with other court favourites, to endure much ill treatment, and was finally banished. During this second stay at Copenhagen he married Camilla Pasi, by whom he had two daughters.

Returning to Italy in the summer of 1775 he went first to Venice, became at once director of the Ospedaletto Conservatorio, and administered it with great success for four years. In 1779 the post of maestro di capella of the cathedral of Milan fell vacant through the death of Fioroni, and Sarti was pronounced successful at a compe- tition held before the Conservatorio of Naples. This victory over Paisiello and other eminent mu- sicians, greatly increased his reputation, and pro- cured him many distinguished pupils, Cherubim among the number, who indeed was not only his pupil, but for some years his assistant. 2 In 1784 he received an invitation from Russia too ad- vantageous to be refused, but the nine years spent in Milan were the most brilliant of his whole career, and the most prolific, including as they do his most successful operas, ' Le Gelosie 3 villane ' and 'Farnace' (Venice, 1776) ; 'Achille in Sciro' (Florence, Oct. 1/79) ; 'Giulio Sabino' (Venice 1781), and 'Le Nozze di Dorina' (ib. 1782). To complete the list, at least ten more operas and several cantatas on a large scale should be added, works for the cathedral choir, including several masses, a Miserere k 4, and some important motets.

On his way to St. Petersburg, Sarti made some stay at Vienna, where Joseph II. received him graciously, and granted him the proceeds of a performance of 'I Litiganti,' which had long maintained its place at the Burgtheater. and had helped to fill its coffers, as the monarch politely told the composer. He there made the ac- quaintance of Mozart, then in the very prime of life, who speaks of him as an ' honest, good man,' and who not only played to him a good deal, but adopted an air from his ' Due litiganti ' as the theme of a set of Variations (Kochel, 460), and as a subject in the Second Finale of ' Don Juan/ His pleasure in Mozart's playing did not, how- ever, place him on Mozart's level ; and when the- famous six quartets were published, Sarti was one of the loudest to complain of their ' barbarisms/ His examination remains mostly in MS., but some extracts are given in the A. M. Z. for 1832 (p. 373), including 19 mortal errors in 36 bars, and showing how difficult it is even for a very clever composer to apprehend the ideas of one greater than himself.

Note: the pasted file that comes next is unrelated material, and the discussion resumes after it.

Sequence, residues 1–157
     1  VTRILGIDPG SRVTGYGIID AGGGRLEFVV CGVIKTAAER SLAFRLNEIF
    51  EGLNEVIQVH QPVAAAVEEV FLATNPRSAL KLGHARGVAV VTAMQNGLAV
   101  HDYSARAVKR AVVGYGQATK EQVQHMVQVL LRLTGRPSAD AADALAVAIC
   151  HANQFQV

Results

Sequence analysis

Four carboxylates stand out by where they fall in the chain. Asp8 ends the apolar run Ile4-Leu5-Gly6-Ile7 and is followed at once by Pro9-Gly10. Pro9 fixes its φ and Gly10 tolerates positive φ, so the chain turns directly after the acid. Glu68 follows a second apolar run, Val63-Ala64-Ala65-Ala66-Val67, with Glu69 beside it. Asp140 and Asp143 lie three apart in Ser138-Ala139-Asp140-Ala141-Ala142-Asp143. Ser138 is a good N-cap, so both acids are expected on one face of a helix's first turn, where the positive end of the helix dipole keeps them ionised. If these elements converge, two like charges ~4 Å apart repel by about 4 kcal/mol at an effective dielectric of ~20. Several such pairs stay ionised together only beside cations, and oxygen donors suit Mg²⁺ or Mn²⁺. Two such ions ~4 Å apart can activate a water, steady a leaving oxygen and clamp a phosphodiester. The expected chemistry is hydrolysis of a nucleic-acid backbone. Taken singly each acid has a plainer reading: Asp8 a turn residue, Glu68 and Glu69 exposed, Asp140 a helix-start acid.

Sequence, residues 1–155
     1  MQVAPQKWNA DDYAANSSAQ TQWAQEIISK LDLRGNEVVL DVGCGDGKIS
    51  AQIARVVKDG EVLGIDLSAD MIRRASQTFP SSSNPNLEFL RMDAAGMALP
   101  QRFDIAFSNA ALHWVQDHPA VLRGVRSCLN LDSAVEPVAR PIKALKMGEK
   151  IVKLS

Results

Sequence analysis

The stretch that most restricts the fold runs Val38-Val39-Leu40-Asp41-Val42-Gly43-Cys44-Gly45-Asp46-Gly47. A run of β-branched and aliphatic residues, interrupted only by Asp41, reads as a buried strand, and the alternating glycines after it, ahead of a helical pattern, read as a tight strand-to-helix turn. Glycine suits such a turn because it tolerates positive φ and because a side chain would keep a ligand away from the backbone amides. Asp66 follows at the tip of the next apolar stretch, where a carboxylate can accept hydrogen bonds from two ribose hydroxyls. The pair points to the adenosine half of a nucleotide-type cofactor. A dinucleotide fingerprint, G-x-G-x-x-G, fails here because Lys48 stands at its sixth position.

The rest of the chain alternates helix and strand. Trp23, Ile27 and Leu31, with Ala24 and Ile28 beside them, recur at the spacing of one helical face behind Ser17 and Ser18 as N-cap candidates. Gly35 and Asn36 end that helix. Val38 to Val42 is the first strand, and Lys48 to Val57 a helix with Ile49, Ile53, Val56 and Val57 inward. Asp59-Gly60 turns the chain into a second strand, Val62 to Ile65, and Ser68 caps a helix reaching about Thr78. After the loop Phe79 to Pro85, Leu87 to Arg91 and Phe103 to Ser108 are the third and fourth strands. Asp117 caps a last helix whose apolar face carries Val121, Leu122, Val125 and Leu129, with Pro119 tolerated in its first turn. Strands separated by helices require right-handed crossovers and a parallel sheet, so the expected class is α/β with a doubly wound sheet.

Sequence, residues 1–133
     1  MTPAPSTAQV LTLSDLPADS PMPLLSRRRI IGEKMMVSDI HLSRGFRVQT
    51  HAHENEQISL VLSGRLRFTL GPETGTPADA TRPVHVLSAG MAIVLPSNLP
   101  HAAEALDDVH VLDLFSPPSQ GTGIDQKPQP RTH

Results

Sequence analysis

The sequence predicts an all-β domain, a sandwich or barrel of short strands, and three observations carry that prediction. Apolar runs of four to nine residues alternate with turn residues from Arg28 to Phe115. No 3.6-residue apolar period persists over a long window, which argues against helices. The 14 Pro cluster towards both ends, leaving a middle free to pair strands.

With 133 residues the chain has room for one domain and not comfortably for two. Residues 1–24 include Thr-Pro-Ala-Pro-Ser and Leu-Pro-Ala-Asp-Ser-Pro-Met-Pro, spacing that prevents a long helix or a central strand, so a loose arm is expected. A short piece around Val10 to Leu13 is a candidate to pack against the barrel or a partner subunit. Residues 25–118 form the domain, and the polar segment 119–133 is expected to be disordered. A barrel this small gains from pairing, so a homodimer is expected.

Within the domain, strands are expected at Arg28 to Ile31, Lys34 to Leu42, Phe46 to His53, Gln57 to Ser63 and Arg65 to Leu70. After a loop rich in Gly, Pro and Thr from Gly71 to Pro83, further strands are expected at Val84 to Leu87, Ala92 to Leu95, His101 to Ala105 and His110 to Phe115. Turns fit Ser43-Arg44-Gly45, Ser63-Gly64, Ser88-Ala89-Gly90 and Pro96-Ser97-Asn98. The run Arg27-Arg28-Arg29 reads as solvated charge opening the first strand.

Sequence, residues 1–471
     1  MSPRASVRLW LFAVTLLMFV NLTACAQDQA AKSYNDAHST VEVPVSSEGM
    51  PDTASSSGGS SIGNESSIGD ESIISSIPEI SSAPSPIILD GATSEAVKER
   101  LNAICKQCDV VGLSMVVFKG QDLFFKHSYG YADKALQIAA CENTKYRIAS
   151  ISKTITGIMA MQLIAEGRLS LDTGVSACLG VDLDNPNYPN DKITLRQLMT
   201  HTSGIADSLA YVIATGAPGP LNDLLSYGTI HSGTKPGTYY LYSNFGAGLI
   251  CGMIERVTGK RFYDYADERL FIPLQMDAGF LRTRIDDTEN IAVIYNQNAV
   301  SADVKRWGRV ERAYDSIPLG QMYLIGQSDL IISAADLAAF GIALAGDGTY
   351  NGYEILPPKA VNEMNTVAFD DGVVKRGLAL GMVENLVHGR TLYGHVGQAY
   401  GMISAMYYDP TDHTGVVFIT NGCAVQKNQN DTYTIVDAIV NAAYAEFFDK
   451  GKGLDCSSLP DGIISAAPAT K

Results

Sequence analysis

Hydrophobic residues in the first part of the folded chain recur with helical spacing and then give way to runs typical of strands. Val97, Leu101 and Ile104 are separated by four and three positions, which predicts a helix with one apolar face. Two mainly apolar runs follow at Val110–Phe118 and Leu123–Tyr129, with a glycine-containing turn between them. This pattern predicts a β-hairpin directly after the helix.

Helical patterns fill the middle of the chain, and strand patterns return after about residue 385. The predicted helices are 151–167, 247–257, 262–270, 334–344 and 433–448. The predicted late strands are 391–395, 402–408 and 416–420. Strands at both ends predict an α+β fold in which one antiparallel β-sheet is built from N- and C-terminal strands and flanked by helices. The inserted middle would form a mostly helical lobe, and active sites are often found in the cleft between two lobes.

Catherine II. received him with even greater marks of favour than Joseph, which he repaid by composing several important works for her own choir, and by bringing the Italian opera into a state of efficiency it had never attained before. Among his sacred compositions of this period may be mentioned an oratorio for two choirs, full orchestra, and band of Russian horns ; a Te Deum for the taking of Otchakow by Potemkin ; and a Requiem in honour of Louis

z See Cherubini's preface to the Catalogue of his works.

a Mozart, in 1791, wrote a final chorus for this, of which, however, nothing has survived but the 5 bars in his autograph catalogue. (See Kochel, 615.)